Desperate English Housewife in Washington, chapter 301

School buzzers / PTA

Okay, so in the UK schools you have to press a buzzer to get in to the school and there are cameras and wot not and you have to sign in and it’s all very security conscious and, whilst it’s a little bit of a pain, and a shame that it has to be that way, ultimately it’s a good thing.

Well, this week apparently there were some PTA shenanigans going on at one school because some school folks want to put in a security system and some of the ‘moms’ are against it, and some are up for it, and oh my, it’s all Vera Bradley handbags at dawn in the playground.

A blunt picture from the USA media

A blunt picture from the USA media

So, I’ll be honest…I’m a bit shocked that there isn’t more intensive security in the schools. In some of them, you can just wander on in, maybe take a visitor sticker if you fancy it, mooch about, have a nosey in the classrooms, watch the PE sessions, have a sit down in the cafeteria, pull out a gun….

Look, I’m just saying….. And after Sandy Hook, well, isn’t it just right to be a tad more vigilant. So what if it’s a bit of a pain in the arse to press a buzzer and have a security camera. Really. So what if it feels a little inconvenient when you’re dropping your kid off/coming in to help at the school.

There are some things which are far more inconvenient, and which can have much longer lasting effects….

Beer pong and flip cup‏

I learn a lot of new, very useful and very important things when I hang out with my American mates.

Like ‘beer pong’ and ‘flip cup’.

‘What are these games?’ I enquire.
“Have you never heard of them or played them?’ they reply, aghast.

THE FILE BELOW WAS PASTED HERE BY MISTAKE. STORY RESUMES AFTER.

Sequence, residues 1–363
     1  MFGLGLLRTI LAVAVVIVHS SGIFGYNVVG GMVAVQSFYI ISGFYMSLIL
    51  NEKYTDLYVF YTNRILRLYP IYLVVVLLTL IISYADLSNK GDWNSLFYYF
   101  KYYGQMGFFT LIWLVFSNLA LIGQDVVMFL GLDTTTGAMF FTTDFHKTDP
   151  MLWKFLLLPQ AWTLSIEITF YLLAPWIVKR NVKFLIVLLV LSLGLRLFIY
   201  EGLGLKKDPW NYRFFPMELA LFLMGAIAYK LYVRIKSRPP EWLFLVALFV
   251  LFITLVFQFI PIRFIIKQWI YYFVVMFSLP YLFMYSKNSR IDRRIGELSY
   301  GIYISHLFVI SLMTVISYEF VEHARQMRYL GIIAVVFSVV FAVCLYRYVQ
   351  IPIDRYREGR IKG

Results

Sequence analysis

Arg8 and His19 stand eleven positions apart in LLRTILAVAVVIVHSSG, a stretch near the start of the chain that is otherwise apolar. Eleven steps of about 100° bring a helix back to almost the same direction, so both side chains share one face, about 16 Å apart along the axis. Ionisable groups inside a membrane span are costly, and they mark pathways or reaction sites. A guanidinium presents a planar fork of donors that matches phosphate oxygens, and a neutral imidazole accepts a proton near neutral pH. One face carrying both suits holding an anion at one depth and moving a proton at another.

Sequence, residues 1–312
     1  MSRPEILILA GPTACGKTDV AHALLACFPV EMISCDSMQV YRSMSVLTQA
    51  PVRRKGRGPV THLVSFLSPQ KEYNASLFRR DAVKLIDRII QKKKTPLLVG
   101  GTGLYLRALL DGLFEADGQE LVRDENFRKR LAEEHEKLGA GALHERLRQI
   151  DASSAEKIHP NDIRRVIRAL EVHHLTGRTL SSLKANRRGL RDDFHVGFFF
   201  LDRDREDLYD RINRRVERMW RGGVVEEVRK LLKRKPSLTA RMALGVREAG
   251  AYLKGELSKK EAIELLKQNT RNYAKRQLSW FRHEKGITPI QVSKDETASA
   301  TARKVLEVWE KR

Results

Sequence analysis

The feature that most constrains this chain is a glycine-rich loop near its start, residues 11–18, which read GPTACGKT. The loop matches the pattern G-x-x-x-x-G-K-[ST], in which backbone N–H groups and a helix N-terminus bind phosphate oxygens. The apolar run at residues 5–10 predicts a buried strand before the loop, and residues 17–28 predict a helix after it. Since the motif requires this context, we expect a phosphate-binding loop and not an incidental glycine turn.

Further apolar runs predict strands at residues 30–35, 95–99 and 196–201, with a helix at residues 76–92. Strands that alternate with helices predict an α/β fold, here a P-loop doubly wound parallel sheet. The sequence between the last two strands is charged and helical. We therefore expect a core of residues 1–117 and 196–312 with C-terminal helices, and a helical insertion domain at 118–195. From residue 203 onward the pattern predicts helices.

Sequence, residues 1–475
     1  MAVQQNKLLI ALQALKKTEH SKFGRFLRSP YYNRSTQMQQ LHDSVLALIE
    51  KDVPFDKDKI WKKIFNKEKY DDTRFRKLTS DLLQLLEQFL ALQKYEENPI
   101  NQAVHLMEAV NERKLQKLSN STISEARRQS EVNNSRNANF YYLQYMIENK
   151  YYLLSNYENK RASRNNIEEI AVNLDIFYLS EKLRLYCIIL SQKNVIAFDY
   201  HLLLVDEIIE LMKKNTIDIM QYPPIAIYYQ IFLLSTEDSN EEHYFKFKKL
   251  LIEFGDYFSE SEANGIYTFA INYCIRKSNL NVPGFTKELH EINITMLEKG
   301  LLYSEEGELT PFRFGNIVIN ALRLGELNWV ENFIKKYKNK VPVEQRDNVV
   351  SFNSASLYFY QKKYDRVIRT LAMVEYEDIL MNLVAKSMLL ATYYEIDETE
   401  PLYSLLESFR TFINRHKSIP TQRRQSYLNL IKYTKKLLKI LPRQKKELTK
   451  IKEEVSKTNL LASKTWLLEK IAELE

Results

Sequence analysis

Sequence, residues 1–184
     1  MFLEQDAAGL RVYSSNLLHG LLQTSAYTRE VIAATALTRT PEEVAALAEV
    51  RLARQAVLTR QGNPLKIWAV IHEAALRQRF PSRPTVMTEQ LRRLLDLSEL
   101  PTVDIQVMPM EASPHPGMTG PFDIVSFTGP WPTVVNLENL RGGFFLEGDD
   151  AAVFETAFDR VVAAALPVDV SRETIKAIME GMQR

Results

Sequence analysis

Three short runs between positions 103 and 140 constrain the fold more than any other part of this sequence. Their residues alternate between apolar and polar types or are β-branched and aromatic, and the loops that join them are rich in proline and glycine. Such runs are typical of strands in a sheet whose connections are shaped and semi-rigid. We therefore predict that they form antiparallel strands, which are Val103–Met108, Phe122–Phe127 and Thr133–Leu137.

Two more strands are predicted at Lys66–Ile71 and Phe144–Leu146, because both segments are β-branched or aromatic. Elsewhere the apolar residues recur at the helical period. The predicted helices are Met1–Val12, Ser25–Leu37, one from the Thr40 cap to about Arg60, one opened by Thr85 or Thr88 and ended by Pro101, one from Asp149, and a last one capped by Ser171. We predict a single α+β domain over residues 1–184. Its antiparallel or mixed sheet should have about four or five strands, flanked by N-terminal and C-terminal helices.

‘No…’ I reply, trying to recall drinking games we might have played in the UK. I can’t recall many. I think we just drank, because the important thing was to just get drunk.
‘What did you do for fun….?!’ my American chums chortled at me.
I couldn’t really remember….

Anyway, beer pong….

I have been promised that I will be playing this soon 🙂

And flip cup…..

I will, of course, be avoiding the alcohol poisoning 😉

Blagging

The other day I told an American friend that I ‘blagged a ticket’. I felt I owed him an explanation of what that meant: I got a free ticket to an event in a cheeky, harmless way.

Do you use this word, I asked of him. No, we do not, he said.

But…it can also mean:
a) Trickery to obtain something vital or dear to someone, especially information.
(Urban Dictionary explanation: ‘The scumbags blagged themselves everything from televisions to trainers during the riots. One guy even looted some Immodium, after an earlier break-in at Nandos.’ (This last bit is funny 😉 )

b) Thieving, stealing.
(Urban Dictionary explanation: Stephanie blagged herself a free drink by flashing some healthy cleavage to the barman, shaking her arse as she walked away.)

Someone blagged themselves a free pass to something!

Someone blagged themselves a free pass to something!

Ah, to blag! 😉

Welcome to Clarksville

Two contrasting tales – part 1

Clarksville, MD. Aka, The Bubble.

The area in which I live topped the zipcodes of the USA the other day and one resident spoke about living here in the Washington Post.

The thing that amused me about the article was this very true overview of the area:

‘….Clarksville, Md., [is] a bedroom community midway between Washington and Baltimore where the median household income tops $181,000, more than triple the national average.

‘An astonishing 98 percent of River Hill High School’s graduates head to college. Volvos, Mercedes-Benzes and BMWs are scattered throughout the student parking lot. Even pets get in on the refined tastes of their owners; in a small shopping center near the school, a shop specializing in organic dog food is next door to the organic grocery store.

‘Clarksville sits in one of the nation’s “Super Zips” — a term coined by American Enterprise Institute scholar and author Charles Murray to describe the country’s most prosperous, highly educated demographic clusters. On average, they have a median household income of $120,000, and 7 in 10 adults have college degrees.